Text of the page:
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© 2015

High-Resolution Extreme Ultraviolet Microscopy

Imaging of Artificial and Biological Specimens with Laser-Driven Ultrafast XUV Sources

Book

Part of the Springer Theses book series (Springer Theses)

Table of contents

  1. Front Matter
    Pages i-xviii
  2. Michael Werner Zürch
    Pages 1-3
  3. Michael Werner Zürch
    Pages 5-39
  4. Michael Werner Zürch
    Pages 41-63
  5. Michael Werner Zürch
    Pages 65-93
  6. Michael Werner Zürch
    Pages 95-108
  7. Michael Werner Zürch
    Pages 109-115
  8. Back Matter
    Pages 117-127

About this book

Introduction

This book provides a comprehensive overview of the technique of frequency conversion of ultrafast lasers towards the extreme ultraviolet (XUV) regime, starting with the frequency conversion scheme and its technical implementation as well as general considerations of diffraction-based imaging at nanoscopic spatial resolutions. The last few centuries have seen continual advances in optical microscopy, driven by the demand to image ever-smaller objects. In recent years, frequency conversion of ultrafast lasers towards the extreme ultraviolet (XUV) regime has significantly enhanced the achievable resolution thanks to shorter wavelengths. The absence of high-magnification optics in the XUV regime is a major issue associated with this technique and is tackled with direct measurement and reconstruction of coherent diffraction patterns. The experimental application of this technique in terms of digital in-line holography and coherent-diffraction imaging is demonstrated on artificial and biological specimens. The book introduces a novel, award-winning cancer-cell classification scheme based on biological imaging. Finally, it presents a newly developed technique for generating structured illumination in the XUV regime and demonstrates its usability for super-resolution imaging.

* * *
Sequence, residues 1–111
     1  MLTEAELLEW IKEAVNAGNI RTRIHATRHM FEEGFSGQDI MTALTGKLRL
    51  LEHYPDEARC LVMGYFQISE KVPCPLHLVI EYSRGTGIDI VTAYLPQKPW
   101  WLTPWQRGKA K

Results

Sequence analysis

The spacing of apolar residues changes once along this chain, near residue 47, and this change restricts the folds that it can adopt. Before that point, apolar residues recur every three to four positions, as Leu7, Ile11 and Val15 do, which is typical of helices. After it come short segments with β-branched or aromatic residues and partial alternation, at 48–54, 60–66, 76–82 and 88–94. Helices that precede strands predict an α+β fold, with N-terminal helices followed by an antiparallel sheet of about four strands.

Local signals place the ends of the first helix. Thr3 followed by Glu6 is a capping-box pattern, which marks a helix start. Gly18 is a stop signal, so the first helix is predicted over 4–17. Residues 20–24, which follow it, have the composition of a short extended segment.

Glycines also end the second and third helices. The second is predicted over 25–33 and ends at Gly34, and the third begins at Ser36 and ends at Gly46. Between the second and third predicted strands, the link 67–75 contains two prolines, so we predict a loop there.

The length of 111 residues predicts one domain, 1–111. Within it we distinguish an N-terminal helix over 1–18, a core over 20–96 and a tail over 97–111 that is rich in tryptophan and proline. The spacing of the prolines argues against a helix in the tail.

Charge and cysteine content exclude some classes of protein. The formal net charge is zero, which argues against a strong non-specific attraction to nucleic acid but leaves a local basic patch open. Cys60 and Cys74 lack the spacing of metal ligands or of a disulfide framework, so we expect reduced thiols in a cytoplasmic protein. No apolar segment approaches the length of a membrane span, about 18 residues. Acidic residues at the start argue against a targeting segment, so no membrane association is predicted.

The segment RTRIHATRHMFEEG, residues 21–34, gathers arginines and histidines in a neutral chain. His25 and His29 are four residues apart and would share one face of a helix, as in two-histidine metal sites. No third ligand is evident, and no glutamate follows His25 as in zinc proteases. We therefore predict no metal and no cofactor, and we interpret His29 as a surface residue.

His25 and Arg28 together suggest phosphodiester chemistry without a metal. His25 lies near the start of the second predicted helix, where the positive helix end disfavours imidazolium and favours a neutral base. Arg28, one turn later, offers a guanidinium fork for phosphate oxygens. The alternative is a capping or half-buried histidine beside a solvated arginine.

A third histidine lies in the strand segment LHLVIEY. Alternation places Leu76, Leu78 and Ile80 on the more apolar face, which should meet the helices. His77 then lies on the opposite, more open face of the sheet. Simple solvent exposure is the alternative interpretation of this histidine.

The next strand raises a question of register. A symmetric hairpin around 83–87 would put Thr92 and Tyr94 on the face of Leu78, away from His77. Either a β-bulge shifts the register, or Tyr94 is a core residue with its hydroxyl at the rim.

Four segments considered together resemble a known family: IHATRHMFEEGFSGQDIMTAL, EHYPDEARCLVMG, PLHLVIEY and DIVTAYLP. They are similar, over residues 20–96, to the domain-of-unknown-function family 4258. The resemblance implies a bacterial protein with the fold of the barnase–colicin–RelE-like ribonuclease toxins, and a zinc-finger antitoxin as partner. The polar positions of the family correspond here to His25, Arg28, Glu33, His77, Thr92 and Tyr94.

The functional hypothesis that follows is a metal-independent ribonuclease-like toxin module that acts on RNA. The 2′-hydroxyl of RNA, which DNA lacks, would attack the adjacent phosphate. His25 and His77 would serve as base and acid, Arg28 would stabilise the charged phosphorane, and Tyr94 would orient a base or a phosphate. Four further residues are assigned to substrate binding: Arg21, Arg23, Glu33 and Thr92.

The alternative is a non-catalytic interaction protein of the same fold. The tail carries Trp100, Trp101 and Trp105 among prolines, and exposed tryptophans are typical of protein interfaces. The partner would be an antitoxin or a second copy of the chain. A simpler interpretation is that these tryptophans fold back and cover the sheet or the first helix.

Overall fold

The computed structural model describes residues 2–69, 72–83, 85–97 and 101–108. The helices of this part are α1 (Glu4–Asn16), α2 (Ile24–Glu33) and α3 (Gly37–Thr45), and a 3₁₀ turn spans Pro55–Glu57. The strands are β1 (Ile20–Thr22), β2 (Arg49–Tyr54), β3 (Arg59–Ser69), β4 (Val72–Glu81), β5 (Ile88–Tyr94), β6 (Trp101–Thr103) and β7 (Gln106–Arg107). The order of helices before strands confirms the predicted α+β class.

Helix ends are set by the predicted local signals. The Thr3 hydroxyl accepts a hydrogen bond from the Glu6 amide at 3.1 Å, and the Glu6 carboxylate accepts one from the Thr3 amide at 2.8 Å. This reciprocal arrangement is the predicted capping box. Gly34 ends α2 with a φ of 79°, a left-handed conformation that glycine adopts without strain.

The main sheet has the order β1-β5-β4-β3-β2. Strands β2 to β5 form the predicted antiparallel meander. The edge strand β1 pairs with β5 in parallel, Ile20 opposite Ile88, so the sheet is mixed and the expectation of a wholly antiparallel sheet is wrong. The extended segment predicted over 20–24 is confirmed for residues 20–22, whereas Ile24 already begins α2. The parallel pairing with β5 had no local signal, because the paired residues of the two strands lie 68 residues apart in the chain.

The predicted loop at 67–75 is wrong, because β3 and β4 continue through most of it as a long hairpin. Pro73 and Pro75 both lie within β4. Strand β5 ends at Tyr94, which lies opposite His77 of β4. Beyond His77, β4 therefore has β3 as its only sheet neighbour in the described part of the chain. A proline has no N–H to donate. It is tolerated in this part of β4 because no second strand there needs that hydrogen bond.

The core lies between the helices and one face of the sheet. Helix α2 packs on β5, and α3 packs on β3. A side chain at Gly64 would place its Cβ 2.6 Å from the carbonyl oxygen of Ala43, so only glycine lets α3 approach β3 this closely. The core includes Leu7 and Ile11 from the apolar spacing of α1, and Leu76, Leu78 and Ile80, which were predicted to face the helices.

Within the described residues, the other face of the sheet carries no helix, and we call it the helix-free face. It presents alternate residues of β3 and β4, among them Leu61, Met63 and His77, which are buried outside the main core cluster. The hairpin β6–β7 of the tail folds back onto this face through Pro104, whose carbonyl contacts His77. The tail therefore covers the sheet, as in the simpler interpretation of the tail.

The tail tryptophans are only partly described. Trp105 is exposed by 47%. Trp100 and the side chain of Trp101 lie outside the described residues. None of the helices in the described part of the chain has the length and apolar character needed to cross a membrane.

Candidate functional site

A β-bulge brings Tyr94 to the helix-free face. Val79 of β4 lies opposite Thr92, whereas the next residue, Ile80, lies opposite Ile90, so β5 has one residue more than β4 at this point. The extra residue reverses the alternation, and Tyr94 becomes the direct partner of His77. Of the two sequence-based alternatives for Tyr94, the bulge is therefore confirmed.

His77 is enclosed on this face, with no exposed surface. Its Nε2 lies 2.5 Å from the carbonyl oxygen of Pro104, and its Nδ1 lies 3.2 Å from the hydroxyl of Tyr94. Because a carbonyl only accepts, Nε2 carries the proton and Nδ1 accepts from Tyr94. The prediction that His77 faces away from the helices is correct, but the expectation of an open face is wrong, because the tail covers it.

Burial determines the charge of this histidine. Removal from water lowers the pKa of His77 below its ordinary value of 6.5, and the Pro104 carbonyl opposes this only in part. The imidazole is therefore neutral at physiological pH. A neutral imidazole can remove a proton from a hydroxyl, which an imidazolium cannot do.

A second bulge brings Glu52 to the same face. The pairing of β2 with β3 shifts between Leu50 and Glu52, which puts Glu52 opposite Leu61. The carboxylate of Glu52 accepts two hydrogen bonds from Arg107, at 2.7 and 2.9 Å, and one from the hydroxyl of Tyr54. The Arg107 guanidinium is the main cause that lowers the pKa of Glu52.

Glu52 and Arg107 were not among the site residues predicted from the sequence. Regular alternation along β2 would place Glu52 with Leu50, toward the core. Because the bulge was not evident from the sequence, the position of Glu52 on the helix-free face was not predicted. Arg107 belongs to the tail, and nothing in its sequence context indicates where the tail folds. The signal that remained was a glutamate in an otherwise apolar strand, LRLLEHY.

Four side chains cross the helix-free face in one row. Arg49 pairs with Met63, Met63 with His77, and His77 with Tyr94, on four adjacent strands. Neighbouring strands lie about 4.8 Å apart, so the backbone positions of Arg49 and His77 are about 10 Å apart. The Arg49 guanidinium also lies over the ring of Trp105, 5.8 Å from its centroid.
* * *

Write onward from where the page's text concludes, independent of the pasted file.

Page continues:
Keywords

Coherent Diffraction Imaging Digital in-line Holography Extreme Ultraviolet Microscopy High Harmonic Generation High-resolution Lensless Imaging

Authors and affiliations

  1. 1.Institute of Optics and Quantum ElectronicsFriedrich-Schiller University of JenaJenaGermany

About the authors

Michael Zürch finished his diploma thesis in 2010 on optical induced damage in nanostructures at the Friedrich-Schiller-University Jena earning him the best diploma thesis award of the faculty. During his doctorate he contributed to eight peer-reviewed journal articles, first-authoring five of them. Furthermore, he contributed to two patents and more than a dozen conference presentations, winning an award at the SPIE Medical Imaging 2014 conference for his cancer cell classification research. He finished his PhD thesis in 2014 at the Institute of Optics and Quantum Electronics at FSU Jena on the generation of coherent laser-like extreme ultraviolet light and its application to high-resolution imaging.

Bibliographic information